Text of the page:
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I’m just home from my Museum of Fine Arts Houston Book Club, and I’m feeling very French. We discussed Luncheon of the Boating Party, by Susan Vreeland, an account of the six weeks it took Auguste Renoir to capture a single moment in his famous painting.
While there are some Paris scenes the book is mostly set on the island of Chatou lying in the Seine west of Paris. On weekends, Parisians flocked to Fournaise family boatyard and restaurant to float on the river and eat, even by high Parisian standards, an excellent Sunday meal. Among the regulars were the men who developed Impressionism, Monet, Degas, Sisley and, of course, Renoir. At least, in this work of historical fiction, the whole idea hatched right here on this island.
So it was that when Renoir, smarting under a criticism from Zola who indicated that an Impressionist ‘masterpiece’ did not exist, decide to create one, he decided to place it on the terrace of Restaurant Fournaise. He recruited models from his Paris friends (some paid, some not) who agree to come for six Sundays when the afternoon light was perfect.
The book is a blow-by-blow of the time. Who are the people? What did they eat? Where did they eat it? Who slept with whom? Why and how often? It spares no detail.
I like book clubs as I’ve said on the blog before. My experience with this book bears me out. I’m a great admirer of Impressionist paintings. Since my first trip, I’ve loved France. Still, it hadn’t occurred to be to read this book, although I was aware of it. And then here came the Book Club selection list. I headed for the Museum shop, bought the book and started reading.
It isn’t my favorite book, even yet. But I learned a lot, looked lots of things up (thanks to Google), and yes, by the end I was enjoying the reading. Then came the meeting. One member said she disliked it so much that she was not going to say a word. Another declared it to be one of the best books she’d ever read. You can imagine—lively discussion ensued. By end of our time, not only was my reluctant friend talking, she was in the middle of the conversation declaring that she guessed she “really liked it after all.”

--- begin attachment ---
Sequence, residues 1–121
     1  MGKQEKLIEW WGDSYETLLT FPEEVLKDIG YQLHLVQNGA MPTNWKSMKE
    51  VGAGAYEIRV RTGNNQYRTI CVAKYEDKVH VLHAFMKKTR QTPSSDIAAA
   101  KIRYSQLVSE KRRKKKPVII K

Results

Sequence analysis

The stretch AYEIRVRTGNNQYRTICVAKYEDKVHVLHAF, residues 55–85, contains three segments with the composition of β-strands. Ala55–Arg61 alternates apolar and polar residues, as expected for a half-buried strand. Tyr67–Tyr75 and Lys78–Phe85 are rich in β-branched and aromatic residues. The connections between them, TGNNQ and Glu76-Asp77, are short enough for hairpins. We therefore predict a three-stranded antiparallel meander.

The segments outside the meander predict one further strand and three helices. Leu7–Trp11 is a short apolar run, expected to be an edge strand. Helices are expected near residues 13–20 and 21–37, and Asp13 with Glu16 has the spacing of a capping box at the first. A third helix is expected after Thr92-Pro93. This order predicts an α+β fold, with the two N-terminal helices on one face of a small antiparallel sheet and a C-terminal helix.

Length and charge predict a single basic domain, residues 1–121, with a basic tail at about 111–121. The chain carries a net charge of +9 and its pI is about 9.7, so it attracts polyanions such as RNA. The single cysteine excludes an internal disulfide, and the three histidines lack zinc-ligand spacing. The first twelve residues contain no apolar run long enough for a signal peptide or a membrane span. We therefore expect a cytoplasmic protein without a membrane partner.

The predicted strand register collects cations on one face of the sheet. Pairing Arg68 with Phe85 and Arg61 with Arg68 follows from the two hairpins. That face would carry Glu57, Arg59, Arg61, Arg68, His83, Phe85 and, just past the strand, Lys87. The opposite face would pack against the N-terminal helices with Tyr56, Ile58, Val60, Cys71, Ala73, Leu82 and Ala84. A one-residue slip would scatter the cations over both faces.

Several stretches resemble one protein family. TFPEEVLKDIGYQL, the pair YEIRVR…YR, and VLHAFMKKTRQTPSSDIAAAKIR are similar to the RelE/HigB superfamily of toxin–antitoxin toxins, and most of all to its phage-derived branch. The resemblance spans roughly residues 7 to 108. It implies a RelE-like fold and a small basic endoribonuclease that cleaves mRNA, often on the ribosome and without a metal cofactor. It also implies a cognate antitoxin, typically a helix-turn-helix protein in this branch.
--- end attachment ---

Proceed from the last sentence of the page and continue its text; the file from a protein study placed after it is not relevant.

A good many of us headed for lunch at a nearby French bistro, where else? We all felt quite Frenchified. The orders reflected it—coq au vin, boeuf Bourguinon, a soufflé. I had Salade Landaise.
The fun of book clubs—the benefit of book clubs. First, I read books that otherwise I would have passed on or maybe never have heard of at all, and then, I think about the book in a whole new way when I hear others discussing it, pointing out something I’ve missed entirely, and, often agreeing with me.
Now, on to next month. We’re shifting gears, going back to nonfiction, going to Russia. Catherine the Great: Portrait of a Woman by Robert K. Massie is up next. Should be interesting—and long. It’s a mere 574 pages. Let’s see, if I read about 20 pages a day, I should be able to knock her off with a day or two to spare before our next confabulation.
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